Johannesburg - The head of S&P Global Ratings for sub-Saharan Africa on Thursday said South Africa needed to balance the current euphoria around new leadership with sound economic reforms in order to boost growth.
Konrad Reuss said the wave of optimism around the change of power, following the appointment of Cyril Ramaphosa as president, should be accompanied by action to implement policy changes. A change of leadership alone would not be enough to attract economic growth.
“It’s still early days … at the same time there are elections coming up next year,” said Reuss on the sidelines of a business meeting in Johannesburg.
He stated that the country needed to “strike a balance between winning elections next year and implementing reforms that would be important to invigorate economic growth”.
Ramaphosa’s elevation to the presidency last month after the resignation of Jacob Zuma was welcomed by markets, amid weak economic growth and high unemployment.
S&P currently rates South Africa's long-term local currency as 'BB+', or the first rung of junk grade.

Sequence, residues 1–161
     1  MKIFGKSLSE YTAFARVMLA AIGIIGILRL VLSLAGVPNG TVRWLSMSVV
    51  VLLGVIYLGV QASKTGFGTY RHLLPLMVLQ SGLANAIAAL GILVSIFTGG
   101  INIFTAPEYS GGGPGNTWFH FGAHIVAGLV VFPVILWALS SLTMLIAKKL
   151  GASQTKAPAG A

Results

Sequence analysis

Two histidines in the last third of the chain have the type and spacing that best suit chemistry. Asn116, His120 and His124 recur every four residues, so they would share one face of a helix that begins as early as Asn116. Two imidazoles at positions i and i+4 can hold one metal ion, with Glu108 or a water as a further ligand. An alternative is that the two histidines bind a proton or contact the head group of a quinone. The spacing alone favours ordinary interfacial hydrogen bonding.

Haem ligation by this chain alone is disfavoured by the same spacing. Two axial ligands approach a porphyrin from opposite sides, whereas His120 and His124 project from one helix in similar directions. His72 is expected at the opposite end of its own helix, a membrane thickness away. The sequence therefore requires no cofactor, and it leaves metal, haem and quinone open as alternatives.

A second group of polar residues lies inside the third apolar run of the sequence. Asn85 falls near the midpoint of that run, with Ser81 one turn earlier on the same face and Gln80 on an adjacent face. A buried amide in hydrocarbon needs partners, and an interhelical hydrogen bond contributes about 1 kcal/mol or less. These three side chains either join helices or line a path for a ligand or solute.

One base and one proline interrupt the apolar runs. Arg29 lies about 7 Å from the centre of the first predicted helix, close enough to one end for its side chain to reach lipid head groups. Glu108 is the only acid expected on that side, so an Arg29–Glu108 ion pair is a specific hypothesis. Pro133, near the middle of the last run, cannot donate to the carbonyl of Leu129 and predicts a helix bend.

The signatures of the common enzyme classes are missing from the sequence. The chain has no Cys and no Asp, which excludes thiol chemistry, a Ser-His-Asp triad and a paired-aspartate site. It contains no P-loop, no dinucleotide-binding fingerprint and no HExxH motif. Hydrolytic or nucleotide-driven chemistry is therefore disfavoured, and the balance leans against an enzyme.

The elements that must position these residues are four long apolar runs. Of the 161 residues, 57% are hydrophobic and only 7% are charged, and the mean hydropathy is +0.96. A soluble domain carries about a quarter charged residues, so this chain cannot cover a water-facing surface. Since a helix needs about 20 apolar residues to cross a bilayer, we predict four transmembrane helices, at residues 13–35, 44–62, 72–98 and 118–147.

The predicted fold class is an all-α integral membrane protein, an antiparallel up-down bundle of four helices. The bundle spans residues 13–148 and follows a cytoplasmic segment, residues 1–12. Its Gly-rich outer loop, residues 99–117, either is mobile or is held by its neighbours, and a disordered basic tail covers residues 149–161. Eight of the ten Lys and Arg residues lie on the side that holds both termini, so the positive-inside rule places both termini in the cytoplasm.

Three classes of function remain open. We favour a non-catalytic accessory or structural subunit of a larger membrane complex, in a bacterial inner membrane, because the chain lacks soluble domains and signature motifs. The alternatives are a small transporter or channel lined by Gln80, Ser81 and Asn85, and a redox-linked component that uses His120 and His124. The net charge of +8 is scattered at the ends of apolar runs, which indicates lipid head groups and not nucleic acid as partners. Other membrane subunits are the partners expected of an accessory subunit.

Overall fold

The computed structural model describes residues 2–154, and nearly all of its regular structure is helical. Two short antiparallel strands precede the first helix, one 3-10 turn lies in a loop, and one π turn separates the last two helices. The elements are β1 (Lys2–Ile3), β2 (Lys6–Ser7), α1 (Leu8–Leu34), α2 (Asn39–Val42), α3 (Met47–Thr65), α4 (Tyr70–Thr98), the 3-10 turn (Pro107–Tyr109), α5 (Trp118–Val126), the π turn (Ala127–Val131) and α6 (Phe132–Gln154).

The agency has raised concerns over the financial affairs of the country’s state-owned enterprises, including power utility Eskom.
Reuss said Eskom’s liquidity challenges remained an “ongoing concern” despite the recent change to its board.
Last month, S&P downgraded Eskom to 'CCC+', the seventh rung of non-investment grade, with a negative outlook.
“We are concerned about the tight liquidity, but at this juncture, the important issue for us over the last couple of months is that there has been a lack of evidence of government support,” he said.
Ruess said the state-owned power supplier was under “constant surveillance” adding that the ratings agency had noted that Eskom had “cobbled together a bridging loan” in order to improve its financial crisis.
In February, Eskom announced it had signed a R20-billion short-term credit facility with a consortium of local and international banks.
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